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>> YDP I • 1927 • The Animals and Children Took to the Streets
// YDP II • Bastian Kraft • Jedermann
// YDP III • Mokhallad Rasem • Romeo und Julia
// YDP IV • Jan Mikulášek • Der diskrete Charme der Bourgeoisie

Montblanc & Salzburg Festival Young Directors Project

YDP I • 1927 • The Animals and Children Took to the Streets

30, 31 July, 2 and 3
August at 08:00 pm

Co-produced by:
BAC London, Malthouse Theatre Melbourne & The Showroom (University of Chichester)

Suzanne Andrade, Stage Director and Text
Paul Barritt, Film, Animation and Design
Joanna Crowley, Production
Lillian Henley, Music
Sarah Munro, Esme Appleton, Costumes

with Suzanne Andrade, Esme Appleton, Lillian Henley

YDP II • Bastian Kraft • Jedermann

6, 7, 8, 9 and 10 August at 08:00 pm

New production
Co-production with Thalia Theater Hamburg

Bastian Kraft, Concept and Stage Director
Peter Baur, Sets and Video
Dagmar Bald, Costumes
Beate Heine, Dramaturgy

with Philipp Hochmair

YDP III • Mokhallad Rasem • Romeo und Julia

11, 12, 13 and 14 August at 08:00 pm

Guest performance of the Toneelhuis Antwerpen

Mokhallad Rasem, Concept and Stage Director
Jean Bernard Koeman, Sets and Costumes

with Gilda de Bal (Actress), Vic de Wachter (Actor), Eleanor Campell (Dancer), José Paulo dos Santos (Dancer) and two children

YDP IV • Jan Mikulášek • Der diskrete Charme der Bourgeoisie

19, 21, 22 and 23 August at 08:00 pm

Guest performance by Národné Divadlo Brno and Divadlo Reduta

Jan Mikulášek, Stage Director
Jan Mikulášek, Dora Viceníková, Adaption
Dora Viceníková, Dramaturgy
Marek Cpin,  Design and Costumes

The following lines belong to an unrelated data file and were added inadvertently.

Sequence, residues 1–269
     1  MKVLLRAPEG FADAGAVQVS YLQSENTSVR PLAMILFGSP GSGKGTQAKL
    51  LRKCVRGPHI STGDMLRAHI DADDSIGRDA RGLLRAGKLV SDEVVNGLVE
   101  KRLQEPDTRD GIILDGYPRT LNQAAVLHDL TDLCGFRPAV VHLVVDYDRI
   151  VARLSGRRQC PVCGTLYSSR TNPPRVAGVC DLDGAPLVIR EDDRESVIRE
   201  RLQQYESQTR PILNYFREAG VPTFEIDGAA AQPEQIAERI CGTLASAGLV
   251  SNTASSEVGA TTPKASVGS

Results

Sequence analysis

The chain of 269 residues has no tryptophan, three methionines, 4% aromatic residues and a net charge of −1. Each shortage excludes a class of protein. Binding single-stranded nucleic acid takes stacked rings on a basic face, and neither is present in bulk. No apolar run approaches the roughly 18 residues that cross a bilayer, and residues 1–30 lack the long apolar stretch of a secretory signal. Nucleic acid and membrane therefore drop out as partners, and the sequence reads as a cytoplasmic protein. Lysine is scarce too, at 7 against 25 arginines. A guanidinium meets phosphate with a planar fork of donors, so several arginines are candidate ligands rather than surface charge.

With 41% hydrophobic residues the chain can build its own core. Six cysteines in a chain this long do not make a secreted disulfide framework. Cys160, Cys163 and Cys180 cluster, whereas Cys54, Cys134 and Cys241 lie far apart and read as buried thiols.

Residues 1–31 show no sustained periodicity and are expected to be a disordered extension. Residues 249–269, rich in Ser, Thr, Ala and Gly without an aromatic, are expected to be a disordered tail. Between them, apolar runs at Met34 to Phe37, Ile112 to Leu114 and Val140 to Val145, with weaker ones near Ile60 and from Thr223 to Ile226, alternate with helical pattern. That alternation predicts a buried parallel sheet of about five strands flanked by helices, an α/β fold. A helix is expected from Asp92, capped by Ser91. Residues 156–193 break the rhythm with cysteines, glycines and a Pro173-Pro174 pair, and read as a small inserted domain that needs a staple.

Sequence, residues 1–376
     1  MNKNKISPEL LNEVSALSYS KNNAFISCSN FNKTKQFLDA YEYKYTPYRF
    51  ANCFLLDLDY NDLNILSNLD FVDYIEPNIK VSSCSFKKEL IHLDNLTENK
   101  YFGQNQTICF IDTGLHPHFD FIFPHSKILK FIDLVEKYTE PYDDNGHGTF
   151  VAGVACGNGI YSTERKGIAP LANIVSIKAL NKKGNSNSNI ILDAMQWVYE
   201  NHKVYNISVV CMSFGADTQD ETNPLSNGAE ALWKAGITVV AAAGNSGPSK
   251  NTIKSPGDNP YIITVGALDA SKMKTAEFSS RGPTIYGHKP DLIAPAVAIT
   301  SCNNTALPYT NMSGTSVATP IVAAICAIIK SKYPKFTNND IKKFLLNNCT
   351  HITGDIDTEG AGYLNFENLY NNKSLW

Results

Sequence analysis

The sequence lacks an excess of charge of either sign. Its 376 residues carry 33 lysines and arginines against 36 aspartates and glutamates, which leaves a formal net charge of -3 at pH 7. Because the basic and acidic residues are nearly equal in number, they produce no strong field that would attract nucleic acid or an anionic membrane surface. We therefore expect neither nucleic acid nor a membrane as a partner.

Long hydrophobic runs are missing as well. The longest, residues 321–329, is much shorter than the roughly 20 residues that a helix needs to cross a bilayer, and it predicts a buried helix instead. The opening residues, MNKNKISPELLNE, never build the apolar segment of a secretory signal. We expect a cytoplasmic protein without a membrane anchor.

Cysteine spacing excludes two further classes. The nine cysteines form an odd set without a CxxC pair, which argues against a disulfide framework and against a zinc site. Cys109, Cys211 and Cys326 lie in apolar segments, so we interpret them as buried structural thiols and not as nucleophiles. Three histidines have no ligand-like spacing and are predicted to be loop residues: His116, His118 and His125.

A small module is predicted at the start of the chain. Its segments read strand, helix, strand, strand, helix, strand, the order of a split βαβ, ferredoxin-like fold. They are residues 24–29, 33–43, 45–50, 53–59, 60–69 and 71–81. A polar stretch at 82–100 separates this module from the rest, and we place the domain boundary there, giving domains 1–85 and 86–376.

Jan Mikulášek, Music Compilation

with Dita Kaplanová, Zuzana Ščerbová, Petra Bučková, Ondřej Mikulášek, Jiří Vyorálek, Jan Háyek, Petr Jeništa, Jiří Kniha und Jakub Gottwald





Montblanc & Salzburg Festival
YDP I • 1927 • The Animals and Children Took to the Streets

In 1927 the world was thrilled to discover the delights of talking pictures in The Jazz Singer. In a more modest way, the company 1927 hope to achieve something similar by bringing their own form of talking pictures to the theatre. Combining Suzanne Andrade’s talent for performance poetry with that of Paul Barritt for video animation, the result is an unusual and exuberant theatrical experience combining the atmosphere of both cabaret and live cinema. Different theatrical elements, genres and historical periods are superimposed upon each other in an elaborate mosaic. While the sepia tones and visual references to Russian constructivism are engagingly retro, a sharp contemporary sensibility lurks underneath.

Agnes and the Wolf

The Animals and Children Took to the Streets is set in the Bayou, a place on the wrong side of town, where “every morning is like waking in someone else’s bad dream”. Here the animals have better table manners than some of the human inhabitants and a middle class woman called Agnes Eaves aims to save the local children through the all-healing power of art. When a popular uprising starts, this seems like the most tremendous fun but it is impossible to escape the feeling that everything is going to end badly.

David Tushingham